Photogrammetric map of Iasos made
The ancient city of Iasos, a port city founded by the Argosians in the western province of Muğla’s Milas district, impresses visitors as it resembles an open-air museum with its great walls, aqueducts, agora, theater, Roman-era tombstones and fishermen’s market.
Archaeological excavations continue in the ancient city, which is located in the Kıyıkışlacık neighborhood.
The excavations in Iasos revealed that the oldest settlement in the city dated back to the end of 3,000 B.C. Within the scope of Iasos Excavations Support Protocol, shooting was done with a UAV1 class unmanned aerial vehicle in the area with special permission. The vehicle, which took off from the ancient city, covered 105 hectares of land in 36 minutes and transferred thousands of photos to digital media.
Speaking to the state-run Anadolu Agency, İsmail Ernur Öztekin, the deputy head of the excavations, said that it was possible to see the traces of Neolithic, Archaic, Hellenistic, Roman, Byzantine, Young Byzantine, Middle Ages, Menteşe, Seljuk and Ottoman periods in the ancient city of Iasos, which once was the gateway of the Caria Region to Europe during ancient times.
Öztekin stated that the 6,000-year-old ancient city was located approximately 26 kilometers northwest of the ancient city of Mylasa, which was called the Caria region in ancient times.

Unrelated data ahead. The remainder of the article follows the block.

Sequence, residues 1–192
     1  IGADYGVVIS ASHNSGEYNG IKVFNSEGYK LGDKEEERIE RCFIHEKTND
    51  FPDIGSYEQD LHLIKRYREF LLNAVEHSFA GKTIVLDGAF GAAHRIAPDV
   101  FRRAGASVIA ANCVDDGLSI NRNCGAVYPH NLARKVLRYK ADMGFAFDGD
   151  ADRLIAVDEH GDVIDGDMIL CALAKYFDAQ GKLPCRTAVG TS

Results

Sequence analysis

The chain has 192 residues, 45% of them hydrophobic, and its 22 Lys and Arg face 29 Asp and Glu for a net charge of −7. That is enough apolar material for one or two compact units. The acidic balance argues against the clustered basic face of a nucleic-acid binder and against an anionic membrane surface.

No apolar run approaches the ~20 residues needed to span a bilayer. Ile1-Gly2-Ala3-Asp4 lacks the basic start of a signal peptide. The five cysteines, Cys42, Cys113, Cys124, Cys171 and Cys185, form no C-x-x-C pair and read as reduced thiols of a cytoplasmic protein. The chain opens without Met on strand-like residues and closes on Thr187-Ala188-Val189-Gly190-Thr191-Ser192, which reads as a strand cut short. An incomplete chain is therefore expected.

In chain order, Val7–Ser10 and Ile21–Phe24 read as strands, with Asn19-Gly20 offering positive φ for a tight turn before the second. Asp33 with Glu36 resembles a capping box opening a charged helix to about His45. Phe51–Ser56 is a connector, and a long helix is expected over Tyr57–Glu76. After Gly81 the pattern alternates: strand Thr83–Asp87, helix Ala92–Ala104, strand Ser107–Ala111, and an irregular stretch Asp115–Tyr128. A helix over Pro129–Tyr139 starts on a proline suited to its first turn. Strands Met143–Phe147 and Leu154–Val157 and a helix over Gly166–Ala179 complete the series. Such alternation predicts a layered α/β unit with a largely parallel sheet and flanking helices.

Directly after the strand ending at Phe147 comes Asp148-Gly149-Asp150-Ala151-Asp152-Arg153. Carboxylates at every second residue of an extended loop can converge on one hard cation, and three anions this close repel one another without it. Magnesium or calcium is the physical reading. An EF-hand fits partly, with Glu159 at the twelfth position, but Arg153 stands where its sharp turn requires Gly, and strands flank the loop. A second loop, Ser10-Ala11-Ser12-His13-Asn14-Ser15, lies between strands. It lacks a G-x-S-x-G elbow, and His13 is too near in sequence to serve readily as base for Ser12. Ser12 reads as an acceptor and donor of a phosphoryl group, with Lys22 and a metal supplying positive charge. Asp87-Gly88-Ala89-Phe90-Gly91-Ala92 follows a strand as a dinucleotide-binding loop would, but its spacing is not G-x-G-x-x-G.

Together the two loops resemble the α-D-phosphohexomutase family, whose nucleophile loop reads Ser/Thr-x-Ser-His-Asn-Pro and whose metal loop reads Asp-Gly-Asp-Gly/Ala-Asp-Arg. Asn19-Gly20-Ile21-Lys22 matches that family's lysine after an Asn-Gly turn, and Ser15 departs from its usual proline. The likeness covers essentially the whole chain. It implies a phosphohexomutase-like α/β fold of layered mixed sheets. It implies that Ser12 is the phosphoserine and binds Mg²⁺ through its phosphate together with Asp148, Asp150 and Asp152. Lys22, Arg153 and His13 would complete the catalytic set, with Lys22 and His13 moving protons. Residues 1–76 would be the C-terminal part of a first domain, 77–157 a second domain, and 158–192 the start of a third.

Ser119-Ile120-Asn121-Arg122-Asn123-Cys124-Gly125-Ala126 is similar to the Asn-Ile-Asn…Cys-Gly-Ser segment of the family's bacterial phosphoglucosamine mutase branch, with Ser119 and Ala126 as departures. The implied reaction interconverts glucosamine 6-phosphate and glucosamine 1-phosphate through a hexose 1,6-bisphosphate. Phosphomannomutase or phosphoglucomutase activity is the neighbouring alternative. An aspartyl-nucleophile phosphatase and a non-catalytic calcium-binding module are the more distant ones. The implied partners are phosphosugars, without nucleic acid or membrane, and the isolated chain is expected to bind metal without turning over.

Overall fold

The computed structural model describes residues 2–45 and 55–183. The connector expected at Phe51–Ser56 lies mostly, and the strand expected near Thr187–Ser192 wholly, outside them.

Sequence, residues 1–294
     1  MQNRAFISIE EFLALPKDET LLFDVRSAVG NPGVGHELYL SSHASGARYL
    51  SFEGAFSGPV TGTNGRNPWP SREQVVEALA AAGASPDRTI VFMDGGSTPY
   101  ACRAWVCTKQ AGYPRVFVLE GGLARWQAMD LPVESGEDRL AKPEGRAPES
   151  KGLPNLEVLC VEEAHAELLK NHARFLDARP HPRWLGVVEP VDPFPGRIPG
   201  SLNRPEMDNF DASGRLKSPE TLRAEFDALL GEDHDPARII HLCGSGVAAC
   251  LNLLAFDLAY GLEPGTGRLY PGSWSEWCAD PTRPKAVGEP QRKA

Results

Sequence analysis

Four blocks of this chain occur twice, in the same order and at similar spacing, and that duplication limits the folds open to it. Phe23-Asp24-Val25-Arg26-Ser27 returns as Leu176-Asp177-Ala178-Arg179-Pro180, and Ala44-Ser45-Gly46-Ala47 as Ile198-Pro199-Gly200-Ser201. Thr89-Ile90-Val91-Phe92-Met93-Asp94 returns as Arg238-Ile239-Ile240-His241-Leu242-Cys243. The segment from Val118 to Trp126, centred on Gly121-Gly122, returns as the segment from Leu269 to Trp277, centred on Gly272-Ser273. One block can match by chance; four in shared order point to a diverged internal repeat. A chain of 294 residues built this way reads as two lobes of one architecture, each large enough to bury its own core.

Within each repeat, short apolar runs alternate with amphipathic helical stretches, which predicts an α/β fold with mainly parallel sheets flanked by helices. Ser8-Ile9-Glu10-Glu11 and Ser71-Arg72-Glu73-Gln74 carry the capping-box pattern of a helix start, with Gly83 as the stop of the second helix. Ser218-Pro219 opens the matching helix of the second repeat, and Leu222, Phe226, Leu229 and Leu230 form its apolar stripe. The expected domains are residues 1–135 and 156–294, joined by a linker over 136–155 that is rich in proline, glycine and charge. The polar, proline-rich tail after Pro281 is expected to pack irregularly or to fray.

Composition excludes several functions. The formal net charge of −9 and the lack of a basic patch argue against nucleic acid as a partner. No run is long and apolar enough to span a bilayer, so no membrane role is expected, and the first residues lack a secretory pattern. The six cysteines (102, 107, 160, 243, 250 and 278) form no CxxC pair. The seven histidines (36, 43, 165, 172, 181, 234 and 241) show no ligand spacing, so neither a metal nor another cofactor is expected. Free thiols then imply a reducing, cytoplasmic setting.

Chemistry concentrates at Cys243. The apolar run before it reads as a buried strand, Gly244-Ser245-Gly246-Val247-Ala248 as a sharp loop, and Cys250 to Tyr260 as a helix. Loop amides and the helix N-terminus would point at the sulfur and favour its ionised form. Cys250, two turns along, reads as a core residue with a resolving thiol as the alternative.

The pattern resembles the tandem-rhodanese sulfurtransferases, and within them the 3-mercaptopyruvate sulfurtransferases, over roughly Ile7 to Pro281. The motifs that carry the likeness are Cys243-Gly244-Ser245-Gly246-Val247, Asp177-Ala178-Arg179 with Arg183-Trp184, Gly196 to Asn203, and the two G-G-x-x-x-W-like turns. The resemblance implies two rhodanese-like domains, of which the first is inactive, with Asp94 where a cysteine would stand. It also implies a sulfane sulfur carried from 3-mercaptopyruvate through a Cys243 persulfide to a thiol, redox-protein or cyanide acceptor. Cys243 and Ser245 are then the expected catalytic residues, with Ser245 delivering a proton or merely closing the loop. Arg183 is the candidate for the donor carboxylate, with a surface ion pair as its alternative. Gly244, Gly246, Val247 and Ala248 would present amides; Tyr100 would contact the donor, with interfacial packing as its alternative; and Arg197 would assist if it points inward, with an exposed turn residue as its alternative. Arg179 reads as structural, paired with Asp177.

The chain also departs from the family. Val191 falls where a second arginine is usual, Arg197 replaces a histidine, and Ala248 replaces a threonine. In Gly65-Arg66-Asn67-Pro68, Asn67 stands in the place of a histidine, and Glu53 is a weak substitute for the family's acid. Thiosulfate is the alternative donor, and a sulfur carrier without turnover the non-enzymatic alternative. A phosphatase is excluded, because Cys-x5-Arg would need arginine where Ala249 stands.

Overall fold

“This place was discovered by travelers in the 19th century. In the 1960s, an excavation team from Italy started archaeological studies with systematic excavations here. Currently, the studies are being carried out by Professor Asuman Baldıran from Selçuk University,” he added.
Aerial images transferred to digital media
Emphasizing the importance of documentation as well as excavations, Öztekin noted that in this context, the images of the ancient city were transferred to the digital environment thanks to an unmanned aerial vehicle.
Stating that they are working using the traditional archaeological techniques, Öztekin said: “It was a special day for the ancient city of Iasos. An area of 105 hectares was photographed from the air and the region was digitized scientifically. With a system called Geographical Information System, this data will be processed in the computer environment. Thanks to the digital infrastructure we have obtained, we will be able to use the topography of the ancient city of Iasos, its architectural structures and the physical formations of the region and use them in our future studies.”
Expressing that the infrastructure was prepared especially for tourism with aerial scanning, Öztekin said that they aim to contribute to the promotion of the ancient city and the economy of the region with the visitor reception centers and walking routes that will be designed and restoration projects that will be carried out on the monuments.
Turgay Kınacı, an engineer of geodesy and photogrammetry, stated that they carried out the aerial photography work on a voluntary basis to support archaeology, noting that they produced digital photogrammetric maps of the ancient city and its surroundings.
Kınacı stated that they used an unmanned aerial vehicle for the first time in such a project, adding, “This map production was not implemented in other archaeological projects before. This technology is normally used in mining, city planning and map production.”
Kınacı stated that the data obtained will contribute to the field of archaeology.